Originally published in The Detroit News:
Today, 306 million Americans have food on their table thanks to a small and noble group of professional gamblers: America’s farmers and ranchers.
Only about 1 percent of Americans operate a farm or ranch and these hardworking few not only help provide the rest of us with three meals every day, but they also form the foundation of the agricultural sector of our economy that generates one in every 12 jobs and a $20 billion trade surplus.
They do so in the face of enormous business and personal risk. Read more »
Holly Pashnik of Cumberland, RI., and her brother, Ryan, delivered 100 pounds of food to the USDA Service Center.
The Warwick USDA Service Center is 100 pound closer to their goal of donating 250 pounds of food to local food banks this summer thanks to a generous donation by Holly Pashnik of Cumberland, RI. In celebration of her ninth birthday, Holly asked her guests to bring non-perishable food items to help hungry families instead of gifts to her party. This week, Holly and her brother Ryan delivered 100 pounds of food to the USDA Service Center as part of the Feds, Farmers, and Friends Feed Families Program. “I wanted to help children who don’t have enough food in the summer because they are missing the hot lunch and breakfast they get at school,” said Holly. “My aunt told me about Feds, Farmers, and Friends Feed Families Program and I took the food my friends donated and bought some more food so that we could bring 100 pounds to donate.” Donations are being collected at USDA offices across the country through August 31st and are given to local area food banks.
The busiest plant inspection station in the country is about to become busier in this brand new, state-of-the-art plant inspection station open today in Miami, Florida.
A trip to your local plant nursery or florist is a lot like taking a trip around the world. You can find anything from boxwood from England, to roses from Colombia, to tulip bulbs from the Netherlands—the list goes on and on!
Just as a myriad of plants, seeds and cut flowers come to us from around the world, so can plant pests and diseases. Non-native pests and diseases can hitchhike into the United States on shipments of plants and escape into the natural environment. If these pests are introduced here, they can devastate home gardens and landscapes, nurseries, farms, and natural areas. Read more »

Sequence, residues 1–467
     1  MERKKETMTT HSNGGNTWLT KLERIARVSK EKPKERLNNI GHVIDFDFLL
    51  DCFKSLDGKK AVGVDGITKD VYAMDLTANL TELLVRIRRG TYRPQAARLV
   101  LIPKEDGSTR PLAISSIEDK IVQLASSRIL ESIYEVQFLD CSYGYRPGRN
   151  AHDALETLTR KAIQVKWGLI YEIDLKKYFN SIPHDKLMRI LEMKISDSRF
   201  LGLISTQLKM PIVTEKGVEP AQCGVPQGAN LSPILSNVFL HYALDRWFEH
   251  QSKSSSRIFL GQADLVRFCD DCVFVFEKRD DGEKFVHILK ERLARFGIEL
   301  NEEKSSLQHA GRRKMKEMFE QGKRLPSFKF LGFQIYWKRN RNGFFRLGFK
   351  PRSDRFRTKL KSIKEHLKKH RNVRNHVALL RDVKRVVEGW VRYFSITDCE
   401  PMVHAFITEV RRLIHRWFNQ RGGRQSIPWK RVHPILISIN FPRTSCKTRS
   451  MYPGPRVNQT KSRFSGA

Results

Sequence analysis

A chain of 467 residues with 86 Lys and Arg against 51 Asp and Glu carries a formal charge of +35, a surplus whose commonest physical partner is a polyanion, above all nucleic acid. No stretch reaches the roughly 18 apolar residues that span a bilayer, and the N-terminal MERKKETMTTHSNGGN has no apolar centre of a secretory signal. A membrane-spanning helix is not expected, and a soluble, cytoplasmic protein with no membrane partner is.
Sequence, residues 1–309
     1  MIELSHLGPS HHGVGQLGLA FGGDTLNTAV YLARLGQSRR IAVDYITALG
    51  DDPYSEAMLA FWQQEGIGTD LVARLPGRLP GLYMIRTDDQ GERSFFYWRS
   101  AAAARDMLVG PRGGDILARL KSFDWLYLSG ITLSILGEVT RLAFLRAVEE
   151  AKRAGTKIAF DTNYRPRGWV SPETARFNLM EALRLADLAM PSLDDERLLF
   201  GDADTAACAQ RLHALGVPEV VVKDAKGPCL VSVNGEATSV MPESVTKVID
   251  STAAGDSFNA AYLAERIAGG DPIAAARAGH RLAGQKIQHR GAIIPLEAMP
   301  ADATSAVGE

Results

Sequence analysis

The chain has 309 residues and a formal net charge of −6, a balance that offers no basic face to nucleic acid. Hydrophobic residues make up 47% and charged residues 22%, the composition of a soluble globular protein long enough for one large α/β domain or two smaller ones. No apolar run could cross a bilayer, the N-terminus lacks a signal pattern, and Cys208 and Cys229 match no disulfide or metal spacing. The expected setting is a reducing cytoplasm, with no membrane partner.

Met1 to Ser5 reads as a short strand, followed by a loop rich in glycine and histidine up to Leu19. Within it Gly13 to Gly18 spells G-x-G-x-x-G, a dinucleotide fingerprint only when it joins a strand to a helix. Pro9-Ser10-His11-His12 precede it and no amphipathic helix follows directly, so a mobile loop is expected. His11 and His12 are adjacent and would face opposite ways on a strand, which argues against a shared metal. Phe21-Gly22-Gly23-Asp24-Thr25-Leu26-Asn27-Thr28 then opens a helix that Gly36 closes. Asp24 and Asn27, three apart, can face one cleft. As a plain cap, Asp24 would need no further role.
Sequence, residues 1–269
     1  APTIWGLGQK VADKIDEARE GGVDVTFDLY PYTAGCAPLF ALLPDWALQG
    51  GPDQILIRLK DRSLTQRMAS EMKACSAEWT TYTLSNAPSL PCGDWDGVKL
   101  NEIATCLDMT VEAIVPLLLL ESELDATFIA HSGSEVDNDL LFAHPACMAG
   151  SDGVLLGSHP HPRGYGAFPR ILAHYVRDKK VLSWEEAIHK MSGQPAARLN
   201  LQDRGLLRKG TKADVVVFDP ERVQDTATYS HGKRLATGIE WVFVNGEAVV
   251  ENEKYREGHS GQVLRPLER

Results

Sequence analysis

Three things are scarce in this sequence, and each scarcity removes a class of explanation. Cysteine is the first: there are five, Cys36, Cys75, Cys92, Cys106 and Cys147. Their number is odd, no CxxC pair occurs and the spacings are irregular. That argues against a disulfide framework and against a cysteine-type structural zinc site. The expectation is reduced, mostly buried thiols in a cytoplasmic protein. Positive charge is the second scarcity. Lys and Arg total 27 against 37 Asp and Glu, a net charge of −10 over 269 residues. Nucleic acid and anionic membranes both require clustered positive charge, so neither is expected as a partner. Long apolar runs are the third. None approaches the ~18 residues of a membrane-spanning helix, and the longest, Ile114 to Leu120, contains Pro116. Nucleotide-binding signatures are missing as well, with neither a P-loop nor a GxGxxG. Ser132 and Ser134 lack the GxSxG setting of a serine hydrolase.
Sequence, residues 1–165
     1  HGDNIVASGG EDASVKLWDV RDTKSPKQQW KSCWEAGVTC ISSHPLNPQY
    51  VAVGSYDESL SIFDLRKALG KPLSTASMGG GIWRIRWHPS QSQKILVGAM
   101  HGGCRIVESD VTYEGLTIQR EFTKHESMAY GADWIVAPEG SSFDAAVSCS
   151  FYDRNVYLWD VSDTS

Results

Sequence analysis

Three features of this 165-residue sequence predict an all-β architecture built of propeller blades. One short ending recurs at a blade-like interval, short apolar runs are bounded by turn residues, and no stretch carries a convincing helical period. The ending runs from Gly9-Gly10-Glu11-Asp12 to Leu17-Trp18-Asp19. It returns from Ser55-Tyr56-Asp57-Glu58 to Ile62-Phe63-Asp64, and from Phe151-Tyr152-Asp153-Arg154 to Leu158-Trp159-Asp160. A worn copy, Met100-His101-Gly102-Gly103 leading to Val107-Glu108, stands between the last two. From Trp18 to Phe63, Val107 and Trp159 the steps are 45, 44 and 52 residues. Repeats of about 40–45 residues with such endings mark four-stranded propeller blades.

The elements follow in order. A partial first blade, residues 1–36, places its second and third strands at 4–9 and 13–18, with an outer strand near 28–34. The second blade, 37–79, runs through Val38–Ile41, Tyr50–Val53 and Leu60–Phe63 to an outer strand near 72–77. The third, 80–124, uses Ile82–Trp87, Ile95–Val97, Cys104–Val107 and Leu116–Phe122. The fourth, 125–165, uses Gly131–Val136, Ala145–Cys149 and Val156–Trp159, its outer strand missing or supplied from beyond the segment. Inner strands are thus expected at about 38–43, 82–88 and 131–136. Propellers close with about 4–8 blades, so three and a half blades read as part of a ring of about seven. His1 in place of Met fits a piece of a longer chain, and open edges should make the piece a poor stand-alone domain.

Former Montana State University student Ashley Williams meets with residents of Sanambele, Mali, to discuss water quality issues affecting the community.
This post is part of the Science Tuesday feature series on the USDA blog. Check back each week as we showcase stories and news from the USDA’s rich science and research portfolio.
In 2004, as a junior at Montana State University (MSU), Ashley Williams knew she wanted to use her geography degree to make a difference internationally. She had no idea that agriculture would ever play a role in making that dream come true.
But that’s what happened when Williams found herself in a small farming village of 1,000 people in Sanambele, Mali, after a chance encounter with MSU entomology professor Florence Dunkel. Read more »
Building on the President’s commitment to address issues important to rural Americans, Cabinet Secretaries and other top Administration officials are visiting state fairs this summer and fall to discuss ongoing efforts to: Read more »
Agriculture Secretary Tom Vilsack hosted a conference call with leaders from more than 70 of the country’s land-grant institutions on Thursday afternoon, Aug. 14, to request assistance in helping to rebuild the agricultural economies of Afghanistan and Iraq. The Secretary asked all of those on the line to “reach out to your respective university communities – the academic side, the research side and the extension side,” to encourage experienced and eligible employees to apply to serve as Agriculture Experts with USDA in Afghanistan and Iraq. Read more »